Shame may convince companies to do better
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Shame may convince companies to do better

| Mar 12, 2020 | workplace accidents |

In 2009, OSHA instituted a rule that said any company in Florida and around the country that was fined more than $40,000 would be mentioned in a press release. The goal was to shame businesses into taking steps that would lead to safer workplaces. An economist from Duke University did a study into whether shame was an effective tool for getting organizations to change their ways. The study results suggest that the answer was yes.

After a company was publicly shamed, violations at companies within five kilometers of that organization went down by 73%. It is estimated that OSHA would need to do 210 inspections to achieve such a decline in violations if it wasn’t able to issue press releases. One of the reasons why shaming is effective is that no business wants to receive negative press. Ultimately, companies want to avoid the negative consequences that others had experienced after incurring a major OSHA violation.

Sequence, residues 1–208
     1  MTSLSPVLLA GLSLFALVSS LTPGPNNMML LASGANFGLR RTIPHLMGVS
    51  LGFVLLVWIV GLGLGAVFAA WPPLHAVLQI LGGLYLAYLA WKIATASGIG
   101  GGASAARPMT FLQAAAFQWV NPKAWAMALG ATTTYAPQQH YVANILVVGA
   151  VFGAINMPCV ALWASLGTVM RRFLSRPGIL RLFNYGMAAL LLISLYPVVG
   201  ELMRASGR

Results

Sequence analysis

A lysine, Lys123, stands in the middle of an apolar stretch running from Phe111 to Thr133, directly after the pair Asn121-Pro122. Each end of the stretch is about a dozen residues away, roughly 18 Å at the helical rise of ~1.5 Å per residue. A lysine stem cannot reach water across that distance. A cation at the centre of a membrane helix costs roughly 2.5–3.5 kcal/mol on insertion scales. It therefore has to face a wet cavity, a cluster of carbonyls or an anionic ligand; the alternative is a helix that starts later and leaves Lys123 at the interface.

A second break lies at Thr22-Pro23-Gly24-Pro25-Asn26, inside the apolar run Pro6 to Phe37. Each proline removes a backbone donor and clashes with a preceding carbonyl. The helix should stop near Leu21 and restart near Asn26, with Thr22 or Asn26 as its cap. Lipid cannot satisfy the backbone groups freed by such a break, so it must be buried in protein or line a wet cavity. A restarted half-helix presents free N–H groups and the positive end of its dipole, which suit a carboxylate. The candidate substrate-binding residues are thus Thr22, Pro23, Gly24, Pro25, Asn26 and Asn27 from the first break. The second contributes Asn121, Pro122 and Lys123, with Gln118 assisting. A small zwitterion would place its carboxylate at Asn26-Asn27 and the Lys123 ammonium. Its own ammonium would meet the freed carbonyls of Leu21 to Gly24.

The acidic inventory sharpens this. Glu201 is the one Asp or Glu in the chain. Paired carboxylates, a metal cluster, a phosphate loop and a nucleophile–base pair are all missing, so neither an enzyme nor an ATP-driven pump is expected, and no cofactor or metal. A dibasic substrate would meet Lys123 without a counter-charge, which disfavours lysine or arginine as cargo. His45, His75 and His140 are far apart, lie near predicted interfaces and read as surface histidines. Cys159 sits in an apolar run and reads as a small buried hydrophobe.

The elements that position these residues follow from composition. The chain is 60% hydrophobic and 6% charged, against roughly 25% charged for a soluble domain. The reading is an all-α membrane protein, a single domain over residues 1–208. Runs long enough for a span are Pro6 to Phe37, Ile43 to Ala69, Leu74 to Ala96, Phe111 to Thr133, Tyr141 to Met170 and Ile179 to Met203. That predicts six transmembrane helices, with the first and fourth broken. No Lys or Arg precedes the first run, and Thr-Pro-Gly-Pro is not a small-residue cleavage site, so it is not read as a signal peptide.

A reduction in violations typically leads to a decrease in workplace injuries. However, the study by the Duke economist did not specify what types of violations were less likely to happen after a competitor was called out in a press release. While the press release strategy was deemed effective, it was discontinued in 2017 by President Trump.

People who are injured in workplace accidents could be entitled to help paying medical bills. They could also be entitled to a portion of any wages lost while recovering from their injuries. An attorney might be able to help a person learn more about obtaining benefits and how to request them. Legal counsel may also be helpful if an claim is denied.